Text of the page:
What are stretch marks?
Stretch marks, also called striae, develop when your skin stretches at a rapid rate. This results in white, pink, or red lines that cover the affected area. While they’re most common on your stomach, hips, and thighs, they can also appear on your knees.
While stretch marks aren’t harmful, they can make you feel self-conscious. Keep reading to learn more about what causes stretch marks on your knees and how you can make them less visible.
What do knee stretch marks look like?
Stretch marks on your knees tend to be pink or red when they first appear, though they can also be purple. They look like thin lines on top of your skin and can be anywhere from 1 to 10 millimeters wide. You might notice them on the front, back, or sides of your knees.
Over time, stretch marks fade in color, becoming white or very light pink.
What causes them?
Stretch marks around the knees are linked to several causes. Some of these causes are natural, while others may require medical attention. You’re also more likely to develop these types of stretch marks if you’re female or have other family members with stretch marks, according to the American Osteopathic College of Dermatology.
Periods of rapid growth are one of the most common causes of knee stretch marks. For example, stretch marks commonly appear during puberty, when your body goes through periods of rapid growth and change.
Sudden weight gain can also cause knee stretch marks, especially if you tend to carry weight in your legs. You may also notice stretch marks on your thighs. Stretch marks caused by weight gain tend to go away when you lose weight, but they can stick around for several months.
Body builders are also more prone to developing knee stretch marks, especially if their training focuses on their legs.
Oral and topical corticosteroids can also cause stretch marks. These are often used to reduce inflammation. Compared to stretch marks from other causes, those caused by corticosteroids tend to be more purple in color.
Hydrocortisone is a popular topical corticosteroid that’s available without a prescription. It’s used to relieve redness, itching, and swelling. When used for long periods of time, hydrocortisone causes your skin to thin out and stretch. Using it on your knees occasionally to treat a bug bite won’t cause stretch marks, but if you use it for several weeks at a time, you may notice some stretch marks.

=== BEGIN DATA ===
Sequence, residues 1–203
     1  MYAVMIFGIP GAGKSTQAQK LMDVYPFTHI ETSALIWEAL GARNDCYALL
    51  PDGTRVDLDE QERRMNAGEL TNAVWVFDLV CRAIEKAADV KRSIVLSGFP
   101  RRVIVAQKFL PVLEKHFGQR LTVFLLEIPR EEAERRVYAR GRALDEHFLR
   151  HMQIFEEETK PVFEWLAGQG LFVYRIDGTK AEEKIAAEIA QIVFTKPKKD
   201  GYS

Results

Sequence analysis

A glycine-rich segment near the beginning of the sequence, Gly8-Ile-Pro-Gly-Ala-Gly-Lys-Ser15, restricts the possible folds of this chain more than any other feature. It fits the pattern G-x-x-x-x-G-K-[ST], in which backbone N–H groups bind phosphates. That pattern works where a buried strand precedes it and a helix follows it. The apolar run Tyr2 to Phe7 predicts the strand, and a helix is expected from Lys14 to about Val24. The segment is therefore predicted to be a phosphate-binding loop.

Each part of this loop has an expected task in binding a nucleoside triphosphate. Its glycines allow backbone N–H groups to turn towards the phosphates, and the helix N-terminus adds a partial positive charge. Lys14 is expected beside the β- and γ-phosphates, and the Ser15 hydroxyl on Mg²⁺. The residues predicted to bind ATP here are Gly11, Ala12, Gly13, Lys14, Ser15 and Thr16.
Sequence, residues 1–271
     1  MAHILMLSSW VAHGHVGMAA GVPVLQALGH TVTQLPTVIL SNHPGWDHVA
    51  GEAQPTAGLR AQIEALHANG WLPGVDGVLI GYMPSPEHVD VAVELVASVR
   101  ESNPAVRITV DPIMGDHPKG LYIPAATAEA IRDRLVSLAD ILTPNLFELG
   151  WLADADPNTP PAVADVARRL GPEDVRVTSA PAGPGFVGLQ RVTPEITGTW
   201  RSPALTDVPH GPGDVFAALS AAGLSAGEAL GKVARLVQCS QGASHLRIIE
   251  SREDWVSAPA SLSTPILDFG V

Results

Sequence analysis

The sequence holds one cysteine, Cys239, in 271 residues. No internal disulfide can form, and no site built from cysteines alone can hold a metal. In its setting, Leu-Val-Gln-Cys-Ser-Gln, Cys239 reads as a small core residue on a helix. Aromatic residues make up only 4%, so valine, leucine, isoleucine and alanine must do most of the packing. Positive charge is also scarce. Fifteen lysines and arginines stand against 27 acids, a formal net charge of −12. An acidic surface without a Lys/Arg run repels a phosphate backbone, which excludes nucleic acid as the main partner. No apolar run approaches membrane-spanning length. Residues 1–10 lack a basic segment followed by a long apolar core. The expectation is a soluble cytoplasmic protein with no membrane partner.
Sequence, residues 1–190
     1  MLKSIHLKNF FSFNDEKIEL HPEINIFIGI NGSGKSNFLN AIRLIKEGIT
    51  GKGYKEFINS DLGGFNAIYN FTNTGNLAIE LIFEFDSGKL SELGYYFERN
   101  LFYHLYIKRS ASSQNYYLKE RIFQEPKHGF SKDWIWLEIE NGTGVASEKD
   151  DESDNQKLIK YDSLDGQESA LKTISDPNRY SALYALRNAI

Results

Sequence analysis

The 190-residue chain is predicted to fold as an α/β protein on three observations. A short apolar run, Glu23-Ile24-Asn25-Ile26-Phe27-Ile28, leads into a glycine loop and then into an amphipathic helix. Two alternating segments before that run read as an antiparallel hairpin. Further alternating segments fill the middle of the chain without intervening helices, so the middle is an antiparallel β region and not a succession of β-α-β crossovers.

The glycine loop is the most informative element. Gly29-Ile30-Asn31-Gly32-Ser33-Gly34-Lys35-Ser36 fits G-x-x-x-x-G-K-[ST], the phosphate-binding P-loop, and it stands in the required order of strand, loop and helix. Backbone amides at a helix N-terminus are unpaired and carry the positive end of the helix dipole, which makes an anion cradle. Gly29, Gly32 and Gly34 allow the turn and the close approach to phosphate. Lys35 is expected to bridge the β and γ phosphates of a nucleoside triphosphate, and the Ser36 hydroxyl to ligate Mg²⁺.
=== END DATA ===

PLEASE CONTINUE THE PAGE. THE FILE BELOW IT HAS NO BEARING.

There are several medical conditions that can also cause stretch marks. These conditions usually affect your joints, including your knees, or your endocrine system, which is responsible for growth.
Conditions that might cause knee stretch marks include:
- Cushing syndrome
- Ehlers-Danlos syndrome
- lipedema (condition that causes excess fat in legs)
- Marfan’s syndrome
- sudden weight gain due to hormonal fluctuations
How are they treated?
There’s no proven way of completely getting rid of stretch marks. However, there are a few things you can do to make them fade and become less visible.
Consider using the following to help your stretch marks fade faster:
- chemical peels
- cocoa butter
- home remedies, such as coconut oil
- laser therapy
- retinoid creams
- creams containing vitamin E
Stretch marks that occur from growth spurts during puberty usually fade on their own over time.
Can I prevent them?
There’s no way to completely prevent stretch marks on your knees or other body parts. However, you can reduce your risk of developing them by managing your weight and limiting your use of corticosteroids. If you’re working to strengthen your legs, try to avoid building muscle too quickly. Discover other ways to reduce your risk of developing stretch marks.
The bottom line
Stretch marks themselves are a harmless condition usually caused by periods of rapid growth or weight gain. As your skin starts to return to its normal state, stretch marks usually fade on their own. While they may never go away completely, there are several things you can do to make them less visible.